America's teens are no longer working at the rate of their parents, as the recession-driven collapse in the teen workforce has collided with new priorities for our nation's youth, according to a new Pew Research Center report.
Driving the data, per Pew's Drew DeSilver:
"Fewer low-skill, entry-level jobs (such as sales clerks or office assistants) than in decades past."
"More schools ending in late June and restarting before Labor Day."
"More students enrolled in high school or college over the summer."
"More teens doing unpaid community service work as part of their graduation requirements or to burnish their college applications."
"More students taking unpaid internships, which the Bureau of Labor Statistics doesn’t count as being employed."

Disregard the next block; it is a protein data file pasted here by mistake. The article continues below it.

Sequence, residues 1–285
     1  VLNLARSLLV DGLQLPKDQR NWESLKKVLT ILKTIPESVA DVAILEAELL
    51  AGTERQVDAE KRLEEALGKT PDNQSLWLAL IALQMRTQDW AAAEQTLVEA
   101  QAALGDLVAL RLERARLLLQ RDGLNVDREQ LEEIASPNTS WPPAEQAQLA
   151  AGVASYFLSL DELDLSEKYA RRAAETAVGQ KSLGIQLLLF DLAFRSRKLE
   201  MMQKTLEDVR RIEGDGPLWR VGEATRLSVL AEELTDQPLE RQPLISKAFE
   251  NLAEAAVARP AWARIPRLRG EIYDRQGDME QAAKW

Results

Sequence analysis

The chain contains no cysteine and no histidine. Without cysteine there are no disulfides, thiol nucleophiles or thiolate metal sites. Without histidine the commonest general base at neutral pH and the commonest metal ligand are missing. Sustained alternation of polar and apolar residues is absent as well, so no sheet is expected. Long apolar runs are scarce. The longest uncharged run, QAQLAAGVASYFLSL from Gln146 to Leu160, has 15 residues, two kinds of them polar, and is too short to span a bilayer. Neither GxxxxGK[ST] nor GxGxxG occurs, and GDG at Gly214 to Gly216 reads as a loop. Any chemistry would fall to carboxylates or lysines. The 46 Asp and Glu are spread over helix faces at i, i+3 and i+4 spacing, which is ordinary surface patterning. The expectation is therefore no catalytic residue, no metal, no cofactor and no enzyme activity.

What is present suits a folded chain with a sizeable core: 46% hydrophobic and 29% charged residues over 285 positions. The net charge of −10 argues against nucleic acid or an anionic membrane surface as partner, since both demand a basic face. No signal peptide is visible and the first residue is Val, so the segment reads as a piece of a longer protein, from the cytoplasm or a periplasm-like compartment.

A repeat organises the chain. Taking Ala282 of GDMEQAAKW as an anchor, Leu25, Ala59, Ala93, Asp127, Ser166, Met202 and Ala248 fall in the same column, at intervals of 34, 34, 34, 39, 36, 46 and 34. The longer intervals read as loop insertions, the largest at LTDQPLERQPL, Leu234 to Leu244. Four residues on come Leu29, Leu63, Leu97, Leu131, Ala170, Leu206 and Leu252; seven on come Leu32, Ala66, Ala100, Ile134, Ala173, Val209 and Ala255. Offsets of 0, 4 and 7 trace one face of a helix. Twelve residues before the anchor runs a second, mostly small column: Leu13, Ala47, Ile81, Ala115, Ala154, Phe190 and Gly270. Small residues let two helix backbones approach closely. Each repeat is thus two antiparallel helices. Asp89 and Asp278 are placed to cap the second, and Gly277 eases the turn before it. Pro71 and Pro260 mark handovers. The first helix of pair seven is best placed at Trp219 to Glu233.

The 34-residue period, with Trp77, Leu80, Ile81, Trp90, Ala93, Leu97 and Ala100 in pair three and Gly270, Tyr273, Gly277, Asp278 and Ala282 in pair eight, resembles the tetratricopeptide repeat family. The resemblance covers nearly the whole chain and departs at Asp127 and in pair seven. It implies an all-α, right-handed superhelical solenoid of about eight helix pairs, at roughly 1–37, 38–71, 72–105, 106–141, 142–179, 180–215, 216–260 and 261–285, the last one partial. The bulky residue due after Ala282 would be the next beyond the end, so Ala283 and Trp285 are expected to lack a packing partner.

Where they're working: Almost 2.1 million of the estimated 6.2 million teens who were employed last July worked in "accommodation and food services," compared with 1.9 million in July 2000.
Where they're not: Roughly 1.3 million teens worked in the retail sector last July, compared with more than 2 million in July 2000.